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### Proving Theorems

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Date: 07/20/2001 at 06:55:45
From: Condensate
Subject: How to prove Euler's Theorem, i.e., a^f(n) = 1 (mod n) where
f(n) is the phi function.

Dear Dr. Math,

I would like to ask two questions:

(1) How to prove Euler's Theorem, i.e.,
let f(x) be the Euler phi-function. Then a^f(n) = 1 (mod n) for
any integer a.

(2) Is there a theorem stating that 'If (a, p) = 1, then a^(p-1) = 1
(mod p)? (I think it is a bit different from Fermat's Little
Theorem.) If so, can you give me a proof of it?

Condensate
```

```
Date: 07/20/2001 at 14:30:57
From: Doctor Rob
Subject: Re: How to prove Euler's Theorem, i.e., a^f(n) = 1 (mod n)
where f(n) is the phi function.

Thanks for writing to Ask Dr. Math, Condensate.

Your statement of Euler's Theorem is incorrect. It doesn't work for
any integer a. For example, try a = 2 and n = 4. You must add the
condition that (a,n) = 1.

(1) Look at the multiplicative group G of integers x such that
1 <= x < n and (x,n) = 1, with multiplication done modulo n. By
definition, f(n) = #G = the number of elements in G. Let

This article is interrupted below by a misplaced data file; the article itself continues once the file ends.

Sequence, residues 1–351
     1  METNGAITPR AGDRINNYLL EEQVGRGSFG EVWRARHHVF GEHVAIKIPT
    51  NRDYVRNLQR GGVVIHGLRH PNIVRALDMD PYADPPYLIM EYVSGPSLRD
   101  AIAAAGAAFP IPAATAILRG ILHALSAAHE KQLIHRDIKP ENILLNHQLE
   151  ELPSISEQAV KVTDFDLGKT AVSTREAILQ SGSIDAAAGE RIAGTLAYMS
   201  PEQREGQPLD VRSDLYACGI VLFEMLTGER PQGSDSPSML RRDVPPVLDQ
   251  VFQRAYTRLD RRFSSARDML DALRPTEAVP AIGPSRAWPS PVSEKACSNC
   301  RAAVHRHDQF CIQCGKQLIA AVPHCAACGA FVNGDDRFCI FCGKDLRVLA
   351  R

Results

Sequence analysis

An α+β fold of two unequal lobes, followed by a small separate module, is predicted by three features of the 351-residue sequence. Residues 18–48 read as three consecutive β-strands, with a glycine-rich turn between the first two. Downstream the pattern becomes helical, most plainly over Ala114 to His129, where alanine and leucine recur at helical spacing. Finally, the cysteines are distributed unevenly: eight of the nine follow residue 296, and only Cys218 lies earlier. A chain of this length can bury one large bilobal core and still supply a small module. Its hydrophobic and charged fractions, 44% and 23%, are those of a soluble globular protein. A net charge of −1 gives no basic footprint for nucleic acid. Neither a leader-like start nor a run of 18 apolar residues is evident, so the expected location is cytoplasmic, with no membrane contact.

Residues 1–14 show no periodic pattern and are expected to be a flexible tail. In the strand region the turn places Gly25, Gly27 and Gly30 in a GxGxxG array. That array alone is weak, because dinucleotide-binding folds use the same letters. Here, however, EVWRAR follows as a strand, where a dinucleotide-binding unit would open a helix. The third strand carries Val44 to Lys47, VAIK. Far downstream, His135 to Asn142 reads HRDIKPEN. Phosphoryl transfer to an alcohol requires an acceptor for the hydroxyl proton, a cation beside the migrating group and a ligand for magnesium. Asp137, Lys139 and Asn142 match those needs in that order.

A = a (mod n), where 1 <= A < n, so A is in G. Now consider the
subgroup H of G consisting of powers of A. By Lagrange's Theorem,
#H | #G.  Then #H is the order of A, ord(A), so ord(A) | f(n).
Since A^ord(A) = 1 (mod n) by the definition of the order of an
element of a group, that implies that A^f(n) = 1 (mod n), which in
turn implies that a^f(n) = 1 (mod n).

Lagrange's Theorem is proved by showing that if H is a subgroup of
a finite group G, then any two left cosets of H are disjoint or
coincident; all left cosets of H have the same size; and the left
cosets of H exhaust G. Thus G can be split into a number m of sets
all of whose sizes are #H.  Thus #G = m*#H, and so #H | #G.

(2) This is false. Try a = 3 and p = 4. If you add the condition that
p is prime, then it is Fermat's Little Theorem, and so it is true.

- Doctor Rob, The Math Forum
http://mathforum.org/dr.math/
```
Associated Topics:
College Number Theory

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